Greek Orthodox Wedding Program Essentials

Sealing the deal in a Greek Orthodox church? Let this information be your guide.
Elisabeth Davies
by Elisabeth Davies
Updated Sep 08, 2021

If you grew up in a Greek Orthodox household, then you may already be aware of Greek wedding traditions and the ceremonies involved during a Greek Orthodox wedding.

Many of the symbolic rituals included in a Greek Orthodox wedding service date back to the 11th century and are filled with beautiful meaning. Because of this, it may be helpful to include some of the key points of the ceremony in your wedding program to help guests who might be unfamiliar with this branch of the Christian faith understand what's happening.

While some elements of a Greek Orthodox wedding might be easier to understand in context, like scripture readings or the exchanging of rings, for example, some more unique traditions like the Common Cup or the Dance of Isaiah, or who the Koumbaros and Koumbara are might need a bit more explanation.

Below are some examples of what you may want to include in a Greek Orthodox wedding program, some samples of possible traditional wedding program wording, and information on where you can buy Greek Orthodox wedding programs ahead of the wedding day.

What To Include in a Greek Orthodox Wedding Program?

While some elements of a Greek Orthodox wedding ceremony may differ depending on the preference of the couple or based on geographical location (for instance, in Greece guests greet the bride outside and walk with her down the aisle, whereas in the United States they wait for the bride inside the church) there are certain key points that are universal.

Always include the following in your Greek Orthodox wedding ceremony program:

  • Betrothal: The couple are betrothed in the name of The Holy Trinity, and the Koumbaros or Koumbara (wedding sponsors) will exchange the rings between the right-hand ring fingers of the bride and groom three times.
  • Joining of Hands: The priest performs the sacrament of marriage and blesses the couple's future life together.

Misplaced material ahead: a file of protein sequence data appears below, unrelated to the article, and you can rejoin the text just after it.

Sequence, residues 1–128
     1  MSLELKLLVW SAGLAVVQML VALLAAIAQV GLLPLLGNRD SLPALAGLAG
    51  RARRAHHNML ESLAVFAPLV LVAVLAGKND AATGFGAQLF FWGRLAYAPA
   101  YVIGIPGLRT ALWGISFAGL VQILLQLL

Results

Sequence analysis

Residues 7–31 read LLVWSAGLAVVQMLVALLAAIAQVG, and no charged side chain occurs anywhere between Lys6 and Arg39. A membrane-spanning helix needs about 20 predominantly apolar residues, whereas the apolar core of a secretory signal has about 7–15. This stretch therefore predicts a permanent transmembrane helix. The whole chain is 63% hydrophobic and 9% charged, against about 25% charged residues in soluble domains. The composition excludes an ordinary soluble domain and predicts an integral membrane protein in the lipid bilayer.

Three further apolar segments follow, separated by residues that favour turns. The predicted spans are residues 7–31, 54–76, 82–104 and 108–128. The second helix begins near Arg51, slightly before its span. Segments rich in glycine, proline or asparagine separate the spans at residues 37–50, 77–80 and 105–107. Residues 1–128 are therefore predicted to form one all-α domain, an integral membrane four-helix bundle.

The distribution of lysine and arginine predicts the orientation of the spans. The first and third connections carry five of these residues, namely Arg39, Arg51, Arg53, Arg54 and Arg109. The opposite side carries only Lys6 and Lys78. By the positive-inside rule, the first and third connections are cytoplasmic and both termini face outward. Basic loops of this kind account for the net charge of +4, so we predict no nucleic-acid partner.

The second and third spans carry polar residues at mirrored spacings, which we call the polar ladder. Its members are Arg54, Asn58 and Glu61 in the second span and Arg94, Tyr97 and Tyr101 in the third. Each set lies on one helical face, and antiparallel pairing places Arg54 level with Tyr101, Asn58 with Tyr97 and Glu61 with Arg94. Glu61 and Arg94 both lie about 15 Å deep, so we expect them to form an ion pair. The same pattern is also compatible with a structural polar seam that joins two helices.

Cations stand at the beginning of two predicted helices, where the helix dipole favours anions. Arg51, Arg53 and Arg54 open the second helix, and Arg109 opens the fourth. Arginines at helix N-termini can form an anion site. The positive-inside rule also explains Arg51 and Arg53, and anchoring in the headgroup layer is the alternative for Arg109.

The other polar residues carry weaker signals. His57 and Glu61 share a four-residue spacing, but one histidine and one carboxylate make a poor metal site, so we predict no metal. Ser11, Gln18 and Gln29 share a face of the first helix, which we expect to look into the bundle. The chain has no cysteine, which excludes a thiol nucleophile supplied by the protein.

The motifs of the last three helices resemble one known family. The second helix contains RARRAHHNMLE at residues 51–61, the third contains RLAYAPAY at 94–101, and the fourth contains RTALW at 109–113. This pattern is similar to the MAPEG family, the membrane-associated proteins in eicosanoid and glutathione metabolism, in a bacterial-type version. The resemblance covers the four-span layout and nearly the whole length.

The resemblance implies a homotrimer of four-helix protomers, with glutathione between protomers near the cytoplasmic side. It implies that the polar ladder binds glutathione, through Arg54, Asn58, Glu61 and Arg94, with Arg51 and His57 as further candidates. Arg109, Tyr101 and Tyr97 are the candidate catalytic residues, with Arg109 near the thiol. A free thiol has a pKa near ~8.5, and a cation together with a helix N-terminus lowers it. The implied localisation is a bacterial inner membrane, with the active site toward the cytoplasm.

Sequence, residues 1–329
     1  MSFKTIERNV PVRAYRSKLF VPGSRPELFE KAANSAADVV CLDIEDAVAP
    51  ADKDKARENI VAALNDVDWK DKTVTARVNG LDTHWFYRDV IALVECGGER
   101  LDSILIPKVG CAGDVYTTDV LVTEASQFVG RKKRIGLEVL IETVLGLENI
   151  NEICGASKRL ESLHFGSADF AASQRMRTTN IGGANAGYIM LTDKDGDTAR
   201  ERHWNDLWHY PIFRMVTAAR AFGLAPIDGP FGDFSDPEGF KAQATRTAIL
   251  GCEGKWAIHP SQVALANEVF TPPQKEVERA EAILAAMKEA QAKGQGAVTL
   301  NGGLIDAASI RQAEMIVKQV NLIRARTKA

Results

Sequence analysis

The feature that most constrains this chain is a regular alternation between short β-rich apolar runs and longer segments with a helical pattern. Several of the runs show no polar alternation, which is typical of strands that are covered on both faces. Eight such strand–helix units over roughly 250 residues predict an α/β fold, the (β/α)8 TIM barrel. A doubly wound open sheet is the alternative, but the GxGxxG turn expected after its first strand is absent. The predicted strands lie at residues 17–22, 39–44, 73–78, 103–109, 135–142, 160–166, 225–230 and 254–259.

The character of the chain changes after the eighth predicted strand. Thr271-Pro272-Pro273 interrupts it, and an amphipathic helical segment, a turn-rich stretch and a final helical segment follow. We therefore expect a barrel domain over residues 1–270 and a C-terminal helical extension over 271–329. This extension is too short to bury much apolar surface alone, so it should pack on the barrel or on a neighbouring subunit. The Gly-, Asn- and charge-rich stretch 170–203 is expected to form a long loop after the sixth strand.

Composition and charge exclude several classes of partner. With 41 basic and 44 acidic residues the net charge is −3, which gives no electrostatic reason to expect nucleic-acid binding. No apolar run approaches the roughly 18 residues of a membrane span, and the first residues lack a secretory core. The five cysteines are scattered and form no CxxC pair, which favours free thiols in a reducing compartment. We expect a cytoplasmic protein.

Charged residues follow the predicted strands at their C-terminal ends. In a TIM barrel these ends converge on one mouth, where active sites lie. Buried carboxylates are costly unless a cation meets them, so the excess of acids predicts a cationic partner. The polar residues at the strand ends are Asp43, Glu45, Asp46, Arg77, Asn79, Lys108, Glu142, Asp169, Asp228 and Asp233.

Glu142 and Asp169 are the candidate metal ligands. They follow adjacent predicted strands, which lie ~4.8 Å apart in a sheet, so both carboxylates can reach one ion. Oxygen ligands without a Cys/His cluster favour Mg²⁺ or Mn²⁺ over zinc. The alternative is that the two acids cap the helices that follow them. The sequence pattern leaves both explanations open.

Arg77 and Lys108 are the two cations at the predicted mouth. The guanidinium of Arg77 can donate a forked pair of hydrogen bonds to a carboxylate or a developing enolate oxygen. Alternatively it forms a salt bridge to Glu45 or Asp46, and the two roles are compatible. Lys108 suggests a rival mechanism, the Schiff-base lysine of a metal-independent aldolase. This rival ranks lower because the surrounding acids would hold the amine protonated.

• Crowning: The bride and groom are crowned with Stefanas, two wedding crowns joined by a ribbon symbolizing their new oneness of mind and heart.
  • Scripture Readings: The priest reads a passage about love and respect from the book of Ephesians, and also from the book of St. John where it describes the story of the wedding at Cana in Galilee.
  • Common Cup: Both the bride and groom drink three times out of the same cup of wine.
  • Dance of Isaiah: The priest leads the bride and groom on a ceremonial walk around the altar, accompanied by either the Koumbara or Koumbaros who holds the ribbon of the Stefana.
  • Blessing: The priest blesses the married couple and concludes the wedding service by bringing the book of the Holy Gospel down through the couple's clasped hands, symbolizing only God may separate them. A kiss is not customary at a traditional Orthodox Christian wedding.

Greek Orthodox Wedding Program Wording Examples

While these are by no means exhaustive, here are some examples of the wording you might use in a Greek Orthodox wedding ceremony program.

  • Betrothal: In a Greek Orthodox wedding, the exchange of rings is called the betrothal. The priest will bless the rings three times and announce that the couple is betrothed in the name of the Father, Son and the Holy Spirit. The rings are then placed on the right-hand ring fingers and are exchanged between the couple three times by either the Koumbaros or the Koumbara to symbolize the Holy Trinity and the joining together of the couple's two lives into one in holy matrimony.
  • Joining of Hands: In the Greek Orthodox Church, marriage is one of the seven sacraments, along with baptism, Chrismation, Communion, holy orders, penance and the anointing of the sick. The bride and groom are each given tapered white candles called Lambethes that symbolize the couple's willingness to receive Christ. The priest will ask the couple to join hands and call upon God to unify both of them in mind and body. Prayers are said over the couple, asking for a long life filled with peace, happiness and health.
  • Crowning: Next comes the crowning. The crowning is a highly symbolic ritual and is central to the Greek Orthodox marriage ceremony. Two crowns called Stefanas, joined by a ribbon, are placed on the couple's heads, naming them the king and queen of their home. Blessings are said over the couples as the Koumbara or Koumbara exchanges the crowns between the couple's heads three times.

Where to Buy Greek Orthodox Wedding Programs

When looking for a vendor for your wedding programs, our marketplace is filled with an extensive list of vetted vendors that are able to fully customize your order based on your needs. Browse vendors to assist you in creating your wedding program here. However, if you're looking for pre-designed ceremony programs that you can adjust to fit your needs, take a peek at our ceremony programs that you can order directly from your computer. No matter how you procure your wedding ceremony programs, make sure to bookmark this info to ensure you include all the pertinent details needed in your wedding-day programs.

Up Next
  • A colorful assortment of Jordan almonds in a bowl.
    This Is Why People Have Jordan Almonds at Weddings